At the beginning of Acts, Jesus’ apostles ask him, “Lord, will you at this time restore the kingdom to Israel?” (Acts 1:6). Yeshua shifts focus from the kingdom to the Spirit, and alludes to a mission beyond Israel’s borders: “You will receive power when the Holy Spirit comes upon you, and you will be my witnesses in Jerusalem and all Judea and Samaria, and to the end of the earth” (1:8). Traditionally, Christian commentators have understood this response as a rebuke of the apostles’ question, and asserted that Jesus’ spiritual vision dispenses with Israel’s carnal concerns. Is this traditional interpretation correct, or will the kingdom be restored?
When John Calvin read the apostles’ inquiry—“Lord, will you at this time restore the kingdom to Israel?” (Acts 1:6)—the Protestant reformer wrote, “There are as many errors in this question as [there are] words.” According to Calvin, the apostles “dream of an earthly kingdom” but they are “greatly deceived”; when they “limit Christ’s kingdom to the carnal Israel,” they miss Christ’s universal vision of a kingdom “spread abroad, even to the uttermost parts of the world” (Commentary on Acts, 1:6). Yet, with respect to Calvin, there are as many errors in this interpretation as there are words.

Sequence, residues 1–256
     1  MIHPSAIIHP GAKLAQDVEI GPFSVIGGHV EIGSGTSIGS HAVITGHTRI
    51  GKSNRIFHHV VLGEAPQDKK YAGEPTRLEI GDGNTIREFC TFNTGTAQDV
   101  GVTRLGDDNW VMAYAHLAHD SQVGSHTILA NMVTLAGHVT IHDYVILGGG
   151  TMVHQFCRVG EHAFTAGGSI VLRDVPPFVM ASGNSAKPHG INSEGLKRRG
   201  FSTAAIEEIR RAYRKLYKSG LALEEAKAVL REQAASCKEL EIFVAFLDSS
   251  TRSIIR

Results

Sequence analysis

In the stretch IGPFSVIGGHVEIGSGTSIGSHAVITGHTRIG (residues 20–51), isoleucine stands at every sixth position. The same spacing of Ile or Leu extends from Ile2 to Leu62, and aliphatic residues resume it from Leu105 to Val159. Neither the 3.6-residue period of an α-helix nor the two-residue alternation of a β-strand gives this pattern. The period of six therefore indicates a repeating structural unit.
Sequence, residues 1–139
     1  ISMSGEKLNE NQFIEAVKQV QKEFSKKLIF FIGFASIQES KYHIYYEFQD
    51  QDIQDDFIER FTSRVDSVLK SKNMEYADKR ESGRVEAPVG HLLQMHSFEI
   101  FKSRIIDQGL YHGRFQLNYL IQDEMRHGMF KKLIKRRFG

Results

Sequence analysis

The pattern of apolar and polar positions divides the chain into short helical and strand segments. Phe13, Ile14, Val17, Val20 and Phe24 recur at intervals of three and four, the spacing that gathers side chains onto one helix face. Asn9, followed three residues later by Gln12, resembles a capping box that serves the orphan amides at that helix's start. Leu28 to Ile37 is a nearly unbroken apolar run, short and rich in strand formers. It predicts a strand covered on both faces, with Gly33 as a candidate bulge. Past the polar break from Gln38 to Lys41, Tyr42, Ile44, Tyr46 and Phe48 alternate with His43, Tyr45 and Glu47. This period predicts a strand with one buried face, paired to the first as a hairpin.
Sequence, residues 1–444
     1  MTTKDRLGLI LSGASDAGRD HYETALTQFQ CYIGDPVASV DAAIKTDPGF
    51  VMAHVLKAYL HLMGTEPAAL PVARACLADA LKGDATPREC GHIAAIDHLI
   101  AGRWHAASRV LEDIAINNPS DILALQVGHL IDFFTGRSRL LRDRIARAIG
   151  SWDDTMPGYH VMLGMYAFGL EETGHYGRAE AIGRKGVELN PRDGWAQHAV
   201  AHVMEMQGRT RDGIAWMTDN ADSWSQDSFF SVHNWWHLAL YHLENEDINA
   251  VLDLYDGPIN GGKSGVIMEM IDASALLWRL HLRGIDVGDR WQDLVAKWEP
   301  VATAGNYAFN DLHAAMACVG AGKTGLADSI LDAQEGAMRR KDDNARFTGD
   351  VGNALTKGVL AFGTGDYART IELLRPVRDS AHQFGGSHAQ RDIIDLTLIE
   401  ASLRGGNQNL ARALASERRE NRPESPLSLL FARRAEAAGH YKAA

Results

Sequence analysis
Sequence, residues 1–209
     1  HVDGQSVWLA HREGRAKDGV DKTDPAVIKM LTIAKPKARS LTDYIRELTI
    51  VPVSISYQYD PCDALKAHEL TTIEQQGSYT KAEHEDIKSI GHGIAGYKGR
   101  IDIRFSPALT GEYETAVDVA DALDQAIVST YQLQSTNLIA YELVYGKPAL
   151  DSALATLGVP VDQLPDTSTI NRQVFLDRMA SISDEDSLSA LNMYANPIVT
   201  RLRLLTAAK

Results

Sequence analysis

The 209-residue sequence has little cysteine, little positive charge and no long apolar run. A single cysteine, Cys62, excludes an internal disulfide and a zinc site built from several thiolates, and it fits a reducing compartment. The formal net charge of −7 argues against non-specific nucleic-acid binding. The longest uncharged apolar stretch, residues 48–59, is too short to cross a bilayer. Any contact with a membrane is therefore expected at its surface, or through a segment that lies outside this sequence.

After the apostles ask about the restoration of the kingdom to Israel, Jesus replies, “It is not for you to know times (χρόνους; chrónous) or seasons (καιροὺς; kairoùs) that the Father has placed in his own authority. But you will receive power when the Holy Spirit has come upon you, and you will be my witnesses in Jerusalem and in all Judea and Samaria, and to the end of the earth” (Acts 1:7-8). When Jesus refers to the “times” and “seasons” that God has ordained, he draws on biblical language to express the surety of the kingdom being restored to Israel in the future. According to Qohelet, “for everything there is a time (זמן; zeman/LXX: χρόνος; chrónos) and a season (עת; et/LXX: καιρὸς; kairòs) for every matter under heaven” (Eccl 3:1). In drawing on the imagery of Ecclesiastes, Yeshua affirms that there is a time and season for Israel’s restoration.
Indeed, Jesus himself speaks of this dominion when he tells his disciples, “You may eat and drink at my table in my kingdom (βασιλεία; basileía) and sit on thrones judging the twelve tribes of Israel” (Luke 22:30). It is to this eschatological kingdom that Jesus assigns a divinely authorized “time” and “season.” Therefore, the apostles were quite right to inquire about the restoration of the kingdom to Israel, but their timing of the question was off. First, the good news would need to go from Israel to the ends of the earth.